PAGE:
Good luck!

    • 0 avatar

      No there is no requirement for you to bring a vehicle up to CA standards that you purchased and owned out of state for a minimum period of time before moving to CA. I don’t remember if it is still 6mos or if they bumped it up to a year of ownership in the prior state. It will have to meet the standards that the truck was built to and nothing more. Of course that won’t be purely trouble free because you’ll have to fight with the emissions test facility and prove that it is a “49 state” vehicle every time it needs its emission test.

      On the other hand a “49 state” vehicle that was legally brought into CA could be worth a touch more to someone who knows the drill and that it will be easier and cheaper to keep it passing emissions than a CA spec vehicle.

  • avatar

    Jeez, what’s with 4Runners? Every miled-out, clapped-out, rusted-out 4Runner is still worth at least $2,500? I know they are good trucks, but they still need fixing like everything else.

    • 0 avatar

      It’s what the people want, even if they are all old and needy. Ditto the small body Tacomas.

      • 0 avatar

        They’re going for such ridiculous money, might as well get an LC.

        • 0 avatar

          Double the price and half the fuel economy.

          • 0 avatar

            Oh don’t be dramatic with your fuel economy figures. The LC is also cooler, and you’re more likely to get more money back when ya sell.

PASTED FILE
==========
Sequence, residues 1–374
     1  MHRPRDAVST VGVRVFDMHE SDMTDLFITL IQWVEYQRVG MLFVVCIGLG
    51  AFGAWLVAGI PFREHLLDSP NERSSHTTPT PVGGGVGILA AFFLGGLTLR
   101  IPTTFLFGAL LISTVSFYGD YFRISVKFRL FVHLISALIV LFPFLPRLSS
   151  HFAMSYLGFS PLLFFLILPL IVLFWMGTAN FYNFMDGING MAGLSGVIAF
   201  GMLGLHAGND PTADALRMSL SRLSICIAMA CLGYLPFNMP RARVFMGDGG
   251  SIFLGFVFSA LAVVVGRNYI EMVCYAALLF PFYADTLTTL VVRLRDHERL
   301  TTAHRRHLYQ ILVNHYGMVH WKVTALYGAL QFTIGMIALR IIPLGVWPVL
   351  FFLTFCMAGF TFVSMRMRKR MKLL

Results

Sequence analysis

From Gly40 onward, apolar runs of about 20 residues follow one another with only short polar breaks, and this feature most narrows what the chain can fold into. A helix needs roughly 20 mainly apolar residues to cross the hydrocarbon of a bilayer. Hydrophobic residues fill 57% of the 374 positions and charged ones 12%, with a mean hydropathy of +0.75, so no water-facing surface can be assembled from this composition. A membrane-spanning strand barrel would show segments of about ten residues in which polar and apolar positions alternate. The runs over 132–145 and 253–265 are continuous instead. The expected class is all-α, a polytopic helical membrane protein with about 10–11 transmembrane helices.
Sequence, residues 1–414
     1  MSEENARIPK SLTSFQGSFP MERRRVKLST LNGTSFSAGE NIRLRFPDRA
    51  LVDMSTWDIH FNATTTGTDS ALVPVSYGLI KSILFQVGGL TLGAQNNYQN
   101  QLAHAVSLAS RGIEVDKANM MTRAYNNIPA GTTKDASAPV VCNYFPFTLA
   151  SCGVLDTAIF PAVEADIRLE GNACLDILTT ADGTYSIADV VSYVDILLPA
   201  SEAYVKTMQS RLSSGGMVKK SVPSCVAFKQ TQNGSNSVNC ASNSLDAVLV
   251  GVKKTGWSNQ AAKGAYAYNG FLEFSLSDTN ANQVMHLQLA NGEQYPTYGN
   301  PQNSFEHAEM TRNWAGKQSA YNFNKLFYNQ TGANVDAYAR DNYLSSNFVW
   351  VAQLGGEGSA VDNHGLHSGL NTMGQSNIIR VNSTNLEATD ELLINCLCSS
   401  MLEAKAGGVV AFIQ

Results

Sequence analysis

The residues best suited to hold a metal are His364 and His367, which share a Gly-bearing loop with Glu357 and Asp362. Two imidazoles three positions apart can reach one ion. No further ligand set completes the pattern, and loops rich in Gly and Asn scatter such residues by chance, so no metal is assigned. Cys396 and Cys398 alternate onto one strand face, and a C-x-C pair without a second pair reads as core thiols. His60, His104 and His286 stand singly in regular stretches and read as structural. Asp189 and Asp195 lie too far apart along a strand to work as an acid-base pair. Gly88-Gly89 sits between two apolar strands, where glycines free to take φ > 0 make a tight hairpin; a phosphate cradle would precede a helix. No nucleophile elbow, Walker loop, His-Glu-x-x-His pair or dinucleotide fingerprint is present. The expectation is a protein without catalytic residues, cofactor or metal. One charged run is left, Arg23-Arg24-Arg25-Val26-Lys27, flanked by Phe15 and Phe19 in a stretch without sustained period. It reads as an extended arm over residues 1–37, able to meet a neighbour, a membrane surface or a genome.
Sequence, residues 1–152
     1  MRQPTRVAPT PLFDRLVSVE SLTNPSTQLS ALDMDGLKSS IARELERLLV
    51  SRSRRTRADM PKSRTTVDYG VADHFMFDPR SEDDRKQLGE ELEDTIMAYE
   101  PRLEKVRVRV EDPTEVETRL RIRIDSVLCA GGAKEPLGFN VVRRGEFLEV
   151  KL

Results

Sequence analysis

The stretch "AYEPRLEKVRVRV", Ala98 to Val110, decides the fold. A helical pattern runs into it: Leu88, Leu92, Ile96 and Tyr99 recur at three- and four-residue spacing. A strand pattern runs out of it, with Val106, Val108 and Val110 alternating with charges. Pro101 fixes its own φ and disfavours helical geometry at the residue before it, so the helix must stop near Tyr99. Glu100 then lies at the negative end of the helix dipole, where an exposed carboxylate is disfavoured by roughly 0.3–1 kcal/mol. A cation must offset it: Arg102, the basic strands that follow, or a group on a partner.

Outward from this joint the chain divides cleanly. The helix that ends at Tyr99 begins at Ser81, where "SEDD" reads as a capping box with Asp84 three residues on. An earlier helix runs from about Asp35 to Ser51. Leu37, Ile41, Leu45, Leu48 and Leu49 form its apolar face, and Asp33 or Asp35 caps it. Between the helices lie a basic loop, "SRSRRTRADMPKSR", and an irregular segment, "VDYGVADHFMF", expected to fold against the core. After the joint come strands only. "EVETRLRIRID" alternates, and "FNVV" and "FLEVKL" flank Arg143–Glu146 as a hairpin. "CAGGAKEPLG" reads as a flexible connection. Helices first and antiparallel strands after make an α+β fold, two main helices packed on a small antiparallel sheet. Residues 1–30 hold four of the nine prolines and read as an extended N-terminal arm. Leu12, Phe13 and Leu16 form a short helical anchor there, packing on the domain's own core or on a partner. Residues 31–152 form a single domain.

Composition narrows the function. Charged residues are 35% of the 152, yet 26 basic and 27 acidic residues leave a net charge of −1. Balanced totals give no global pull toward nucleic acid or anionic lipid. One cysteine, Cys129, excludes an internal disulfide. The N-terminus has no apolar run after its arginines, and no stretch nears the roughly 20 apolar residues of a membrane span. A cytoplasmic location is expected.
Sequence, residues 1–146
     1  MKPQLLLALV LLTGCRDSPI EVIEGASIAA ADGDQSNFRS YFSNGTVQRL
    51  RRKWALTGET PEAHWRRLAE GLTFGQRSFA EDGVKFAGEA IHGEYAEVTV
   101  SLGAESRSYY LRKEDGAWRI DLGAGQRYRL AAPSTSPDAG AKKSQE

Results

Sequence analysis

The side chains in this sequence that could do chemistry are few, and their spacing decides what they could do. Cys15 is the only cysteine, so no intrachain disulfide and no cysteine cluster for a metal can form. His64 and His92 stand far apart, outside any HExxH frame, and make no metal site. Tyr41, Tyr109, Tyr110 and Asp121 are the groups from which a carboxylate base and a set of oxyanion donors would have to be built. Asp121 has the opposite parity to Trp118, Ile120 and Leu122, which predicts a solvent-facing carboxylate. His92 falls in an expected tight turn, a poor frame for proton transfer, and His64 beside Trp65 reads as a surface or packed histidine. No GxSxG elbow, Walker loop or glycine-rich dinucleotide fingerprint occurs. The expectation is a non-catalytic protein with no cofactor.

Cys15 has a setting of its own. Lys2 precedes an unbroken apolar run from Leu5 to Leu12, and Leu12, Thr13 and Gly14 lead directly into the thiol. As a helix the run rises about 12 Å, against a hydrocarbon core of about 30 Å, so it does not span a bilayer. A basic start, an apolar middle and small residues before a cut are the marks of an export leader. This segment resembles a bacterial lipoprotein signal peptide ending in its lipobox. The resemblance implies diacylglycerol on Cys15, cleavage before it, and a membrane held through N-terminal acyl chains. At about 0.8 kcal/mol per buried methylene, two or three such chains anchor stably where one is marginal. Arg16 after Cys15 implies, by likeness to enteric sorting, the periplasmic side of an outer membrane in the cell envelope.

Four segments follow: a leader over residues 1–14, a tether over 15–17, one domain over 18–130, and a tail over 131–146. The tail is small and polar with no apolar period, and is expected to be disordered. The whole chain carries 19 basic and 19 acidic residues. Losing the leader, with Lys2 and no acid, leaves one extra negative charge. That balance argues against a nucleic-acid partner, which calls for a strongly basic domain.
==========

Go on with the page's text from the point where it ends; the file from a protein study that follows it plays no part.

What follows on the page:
Also 7 seats. And well-equipped.

          • 0 avatar

            4Runner mixed city mpg = 17, 20-21 highway. 80 Series Land cruiser is more like low teens city/mixed, 17ish at best highway. It’s about 1000lb heavier and has full time 4wd, simple physics. Interior is wider but frankly not that much bigger overall. Unless hardcore rock crawling is involved, the lighter duty 4Runner makes a lot of sense for ‘expedition’ type enthusiasts. Having said that, I’d love to have a Land Cruiser of that generation with front and rear lockers, and the JDM turbo diesel while we’re at it.

            As far as getting money back when selling, the 4Runner is right on the heels of the Landcruiser, particularly 5spd models with the rear locker, or ones with multi-mode 4wd (lockable center diff). Which goes hand in hand with the high prices everyone is speaking of.

  • avatar

    People here seem to think you need California Emissions. You don’t. This is why California requires a car to have something like 8000 miles to be considered used.

    Used vehicles from out of state can have Federal Emissions. They will test it to meet federal standards. Just make sure that everything is in good condition ( get you exhaust fixed ). I know Vermont has Vehicle inspections so if it passed that you have nothing to worry about.

    It is easier to travel with a vehicle you already know, and have experience with. Plus, the ability to carry your belongings is huge convenience. You also have the opportunity to site see which you can’t do on a plane quite to the same level.

  • avatar

    if its a 97, its OBD2. If theres no CEL, there shouldnt be a problem passing emissions. its paid for, so keep it, use it, drive it until you know exactly what the new job here is like. if things work out, buy a new car when you feel like it.

  • avatar

    I live in AZ and would say sell it before you move.. unless the undercariage and body is 100% rust free. That is the expectation in the Southwest. Any car with even a spec of rust sticks out like a sore thumb. And once you see California gas prices you probably are going to want something different anyways.

  • avatar

    I would not worry a bit about the truck making the trip. Last year I flew to San Antonio from Maine and bought an ’01 Range Rover with 130K on it sight-unseen (though thoroughly checked out), and drove it home with no issues. Well, other than I should have gotten a Xmas card from Exxon due to the amount of petrol the thing swilled. The Toyota will make it just fine.